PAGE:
Skull tumors may be benign or malignant, but almost all are surgically removable and curable. There are vascular malformations of the bones of the skull, but most children with vascular malformations that we see at our Craniofacial Center have scalp or facial hemangiomas. Some are treated with oral medicines, and some involute (shrink) by themselves over time. Rarely, do these lesions ever need to be surgically removed or embolized (glued closed). But we have treated children with complicated orbital hemangiomas, and they have done quite well.
The NJ Craniofacial Team has special expertise in the repair of craniofacial trauma. We have helped hundreds of children after cranial and facial trauma.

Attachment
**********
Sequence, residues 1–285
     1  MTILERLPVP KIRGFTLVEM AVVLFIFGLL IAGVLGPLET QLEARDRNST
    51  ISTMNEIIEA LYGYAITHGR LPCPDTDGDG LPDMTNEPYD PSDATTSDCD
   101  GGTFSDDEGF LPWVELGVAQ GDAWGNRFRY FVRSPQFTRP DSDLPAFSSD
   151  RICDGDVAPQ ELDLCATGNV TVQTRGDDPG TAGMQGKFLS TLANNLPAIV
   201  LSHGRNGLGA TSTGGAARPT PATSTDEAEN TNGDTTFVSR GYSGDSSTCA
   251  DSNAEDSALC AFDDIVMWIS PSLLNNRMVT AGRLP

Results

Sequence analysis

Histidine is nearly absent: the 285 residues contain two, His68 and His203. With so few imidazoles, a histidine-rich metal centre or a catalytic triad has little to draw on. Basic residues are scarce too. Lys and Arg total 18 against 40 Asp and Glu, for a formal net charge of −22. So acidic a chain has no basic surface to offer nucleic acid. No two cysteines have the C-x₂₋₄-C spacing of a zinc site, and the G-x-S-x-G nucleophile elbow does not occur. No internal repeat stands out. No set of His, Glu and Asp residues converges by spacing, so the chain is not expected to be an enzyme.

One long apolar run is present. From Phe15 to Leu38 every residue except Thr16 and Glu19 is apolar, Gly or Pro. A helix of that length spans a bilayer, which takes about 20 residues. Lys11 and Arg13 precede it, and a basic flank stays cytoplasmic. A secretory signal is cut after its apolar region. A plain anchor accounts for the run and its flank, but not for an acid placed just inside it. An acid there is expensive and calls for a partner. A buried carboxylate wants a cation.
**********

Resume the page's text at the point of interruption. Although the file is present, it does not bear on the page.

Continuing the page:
Hemifacial microsomia may be seen alone, or as part of Goldenhar syndrome. Often, children do not require surgery at all, but those that do require preparative steps that lead up to a successful surgery. Teenagers who require facial surgery truly benefit from our pediatric psychologists support and counseling as surgery is discussed and planned.
To schedule a private consultation with NJ Craniofacial Center, please call our office or request an appointment online. We look forward to your visit.